The S-Tier is an exclusive club among starter Pokemon, and Incineroar is its only member. The Fire and Dark-type from Alola is one of the most versatile Pokemon in Regulation F, serving defensive and offensive roles for trainers. Its Hidden Ability, Intimidate, lowers the Attack stats of both opposing Pokemon upon merely switching in. The Clear Amulet held item, which prevents a Pokemon’s stats from being lowered, has risen in usage simply due to Incineroar’s presence.
It also has access to Fake Out, an incredibly useful move that almost always moves first and flinches opponents. Parting Shot, a pivoting move that lowers an opponent’s Attack and Special Attack stats before switching out, helps provide defensive support to Incineroar’s partners. Furthermore, its base Attack stat is a respectable 115, meaning it can pick up knockouts if trained accordingly.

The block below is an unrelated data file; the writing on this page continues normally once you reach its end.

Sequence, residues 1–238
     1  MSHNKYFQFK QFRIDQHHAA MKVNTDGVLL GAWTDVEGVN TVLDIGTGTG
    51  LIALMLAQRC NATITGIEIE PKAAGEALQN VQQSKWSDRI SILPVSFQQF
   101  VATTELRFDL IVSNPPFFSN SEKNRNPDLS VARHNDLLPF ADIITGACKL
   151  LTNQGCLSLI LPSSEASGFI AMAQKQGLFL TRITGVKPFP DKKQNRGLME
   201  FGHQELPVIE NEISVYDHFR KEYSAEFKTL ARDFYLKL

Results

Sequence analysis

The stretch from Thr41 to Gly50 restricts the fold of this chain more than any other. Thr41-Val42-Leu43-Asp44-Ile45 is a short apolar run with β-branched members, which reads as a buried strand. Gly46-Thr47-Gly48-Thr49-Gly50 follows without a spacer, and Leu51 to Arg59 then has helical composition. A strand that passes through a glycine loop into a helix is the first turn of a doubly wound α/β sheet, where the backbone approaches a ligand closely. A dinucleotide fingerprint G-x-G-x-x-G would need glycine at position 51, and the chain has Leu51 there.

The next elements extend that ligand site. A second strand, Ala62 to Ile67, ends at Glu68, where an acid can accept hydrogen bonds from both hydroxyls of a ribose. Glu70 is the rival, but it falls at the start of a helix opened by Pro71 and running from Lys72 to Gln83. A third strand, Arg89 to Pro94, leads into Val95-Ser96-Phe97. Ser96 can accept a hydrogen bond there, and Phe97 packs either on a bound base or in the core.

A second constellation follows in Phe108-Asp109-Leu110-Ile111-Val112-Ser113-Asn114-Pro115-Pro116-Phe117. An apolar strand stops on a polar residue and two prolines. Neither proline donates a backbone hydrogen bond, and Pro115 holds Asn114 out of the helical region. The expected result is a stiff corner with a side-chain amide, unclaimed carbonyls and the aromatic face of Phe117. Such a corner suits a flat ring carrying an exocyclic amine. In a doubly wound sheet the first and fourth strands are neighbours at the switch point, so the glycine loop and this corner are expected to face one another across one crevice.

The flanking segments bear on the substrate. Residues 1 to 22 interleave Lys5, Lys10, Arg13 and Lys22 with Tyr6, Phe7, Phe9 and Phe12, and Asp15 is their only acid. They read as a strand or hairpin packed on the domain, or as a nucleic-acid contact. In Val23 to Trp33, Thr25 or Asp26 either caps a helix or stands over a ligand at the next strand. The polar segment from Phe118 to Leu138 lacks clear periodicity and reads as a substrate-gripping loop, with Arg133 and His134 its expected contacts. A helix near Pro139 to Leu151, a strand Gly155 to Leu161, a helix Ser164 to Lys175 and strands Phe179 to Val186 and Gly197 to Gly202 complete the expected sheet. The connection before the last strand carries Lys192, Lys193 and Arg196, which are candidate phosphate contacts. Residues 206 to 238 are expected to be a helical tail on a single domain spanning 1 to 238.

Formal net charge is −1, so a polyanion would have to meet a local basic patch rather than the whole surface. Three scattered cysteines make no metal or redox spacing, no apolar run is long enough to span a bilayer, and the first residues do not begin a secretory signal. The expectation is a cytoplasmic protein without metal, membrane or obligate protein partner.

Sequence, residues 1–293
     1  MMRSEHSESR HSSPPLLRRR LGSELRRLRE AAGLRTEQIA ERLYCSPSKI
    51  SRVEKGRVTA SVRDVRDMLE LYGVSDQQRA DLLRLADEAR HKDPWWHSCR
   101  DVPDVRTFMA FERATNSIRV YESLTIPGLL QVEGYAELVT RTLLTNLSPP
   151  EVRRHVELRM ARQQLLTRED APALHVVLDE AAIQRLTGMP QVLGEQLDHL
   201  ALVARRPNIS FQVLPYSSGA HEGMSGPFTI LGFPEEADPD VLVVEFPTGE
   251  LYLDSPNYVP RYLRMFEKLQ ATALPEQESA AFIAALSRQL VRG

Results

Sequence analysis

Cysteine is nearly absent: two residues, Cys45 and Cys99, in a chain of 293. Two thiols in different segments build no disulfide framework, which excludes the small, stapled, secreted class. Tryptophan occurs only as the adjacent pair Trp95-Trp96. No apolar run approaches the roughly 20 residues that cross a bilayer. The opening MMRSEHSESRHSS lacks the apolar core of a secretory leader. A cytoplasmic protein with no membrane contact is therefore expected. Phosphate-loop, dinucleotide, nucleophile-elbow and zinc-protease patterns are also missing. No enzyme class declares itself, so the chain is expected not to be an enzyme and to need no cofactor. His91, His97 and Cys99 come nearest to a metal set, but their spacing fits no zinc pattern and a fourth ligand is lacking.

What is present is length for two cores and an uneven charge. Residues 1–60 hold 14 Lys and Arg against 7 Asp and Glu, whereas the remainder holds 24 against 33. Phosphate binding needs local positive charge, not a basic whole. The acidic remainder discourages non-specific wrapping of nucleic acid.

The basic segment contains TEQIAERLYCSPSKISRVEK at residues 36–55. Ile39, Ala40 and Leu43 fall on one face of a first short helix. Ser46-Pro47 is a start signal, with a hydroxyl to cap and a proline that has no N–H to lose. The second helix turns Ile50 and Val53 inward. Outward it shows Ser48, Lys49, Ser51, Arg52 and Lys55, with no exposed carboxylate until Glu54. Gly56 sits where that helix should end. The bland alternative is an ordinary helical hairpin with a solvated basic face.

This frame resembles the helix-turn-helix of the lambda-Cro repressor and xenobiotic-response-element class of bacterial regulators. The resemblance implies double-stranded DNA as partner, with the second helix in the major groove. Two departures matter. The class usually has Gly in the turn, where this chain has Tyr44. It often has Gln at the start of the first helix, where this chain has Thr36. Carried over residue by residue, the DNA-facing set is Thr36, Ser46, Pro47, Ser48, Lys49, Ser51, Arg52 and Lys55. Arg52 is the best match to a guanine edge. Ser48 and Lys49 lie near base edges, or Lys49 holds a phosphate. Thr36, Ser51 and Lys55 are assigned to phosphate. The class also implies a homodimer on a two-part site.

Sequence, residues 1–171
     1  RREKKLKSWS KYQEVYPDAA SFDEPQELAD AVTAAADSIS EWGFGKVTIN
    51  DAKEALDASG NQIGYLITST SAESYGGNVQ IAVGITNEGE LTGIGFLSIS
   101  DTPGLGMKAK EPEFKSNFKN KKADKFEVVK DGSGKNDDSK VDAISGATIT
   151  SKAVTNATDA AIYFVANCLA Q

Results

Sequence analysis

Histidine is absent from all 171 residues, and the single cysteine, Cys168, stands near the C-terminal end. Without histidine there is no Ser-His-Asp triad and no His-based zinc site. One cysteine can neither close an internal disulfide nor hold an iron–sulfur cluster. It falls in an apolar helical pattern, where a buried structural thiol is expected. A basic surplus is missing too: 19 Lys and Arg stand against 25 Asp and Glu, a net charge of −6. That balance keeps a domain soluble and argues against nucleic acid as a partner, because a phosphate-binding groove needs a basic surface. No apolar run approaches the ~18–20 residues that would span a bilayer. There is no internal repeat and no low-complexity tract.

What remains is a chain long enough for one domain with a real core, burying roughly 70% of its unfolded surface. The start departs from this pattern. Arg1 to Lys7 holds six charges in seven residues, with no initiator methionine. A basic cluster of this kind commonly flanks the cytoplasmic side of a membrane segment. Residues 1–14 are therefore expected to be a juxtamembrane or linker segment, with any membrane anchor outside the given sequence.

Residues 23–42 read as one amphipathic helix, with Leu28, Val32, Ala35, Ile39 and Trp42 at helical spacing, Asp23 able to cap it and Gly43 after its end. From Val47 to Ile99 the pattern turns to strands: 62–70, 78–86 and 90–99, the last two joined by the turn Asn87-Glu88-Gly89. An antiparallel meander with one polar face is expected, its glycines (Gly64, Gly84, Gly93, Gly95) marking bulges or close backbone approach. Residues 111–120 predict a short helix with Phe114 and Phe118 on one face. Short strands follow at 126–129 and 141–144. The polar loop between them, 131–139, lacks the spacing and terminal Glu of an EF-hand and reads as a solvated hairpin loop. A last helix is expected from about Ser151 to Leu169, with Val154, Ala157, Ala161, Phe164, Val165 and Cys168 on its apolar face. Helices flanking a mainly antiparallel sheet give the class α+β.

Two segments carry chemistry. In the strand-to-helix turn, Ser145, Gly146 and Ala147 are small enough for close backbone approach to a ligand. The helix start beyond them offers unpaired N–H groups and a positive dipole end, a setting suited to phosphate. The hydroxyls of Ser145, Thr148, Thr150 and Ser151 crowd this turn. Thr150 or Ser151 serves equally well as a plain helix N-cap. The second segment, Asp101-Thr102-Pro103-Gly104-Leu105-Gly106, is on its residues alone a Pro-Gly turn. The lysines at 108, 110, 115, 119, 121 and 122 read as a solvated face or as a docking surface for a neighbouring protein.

Venusaur and Primarina are the only Pokemon in A-Tier. They are strong options in the current meta but not quite at Incineroar’s level.
Venusaur fulfills a unique role in Regulation F. Its power does not lie in its stats, but rather its Hidden Ability, Chlorophyll. This doubles Venusaur’s Speed stat in harsh sunlight, making it a perfect partner for Pokemon like Torkoal and Ninetales who have the Ability Drought. It also has access to Sleep Powder, which helps it put opponents to sleep before they can make a move. Most importantly, Venusaur is one of the few counters to Rapid-Strike Urshifu, as it resists both Water and Fighting-type attacks and can easily knock it out with powerful Grass-type attacks such as Leaf Storm.